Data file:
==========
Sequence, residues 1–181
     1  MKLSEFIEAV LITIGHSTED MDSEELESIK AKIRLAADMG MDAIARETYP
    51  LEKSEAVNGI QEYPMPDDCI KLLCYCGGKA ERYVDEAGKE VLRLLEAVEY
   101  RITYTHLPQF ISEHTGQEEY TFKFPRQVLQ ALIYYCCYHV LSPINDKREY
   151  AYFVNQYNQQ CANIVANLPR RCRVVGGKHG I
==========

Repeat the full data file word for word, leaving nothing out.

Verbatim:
Sequence, residues 1–181
     1  MKLSEFIEAV LITIGHSTED MDSEELESIK AKIRLAADMG MDAIARETYP
    51  LEKSEAVNGI QEYPMPDDCI KLLCYCGGKA ERYVDEAGKE VLRLLEAVEY
   101  RITYTHLPQF ISEHTGQEEY TFKFPRQVLQ ALIYYCCYHV LSPINDKREY
   151  AYFVNQYNQQ CANIVANLPR RCRVVGGKHG I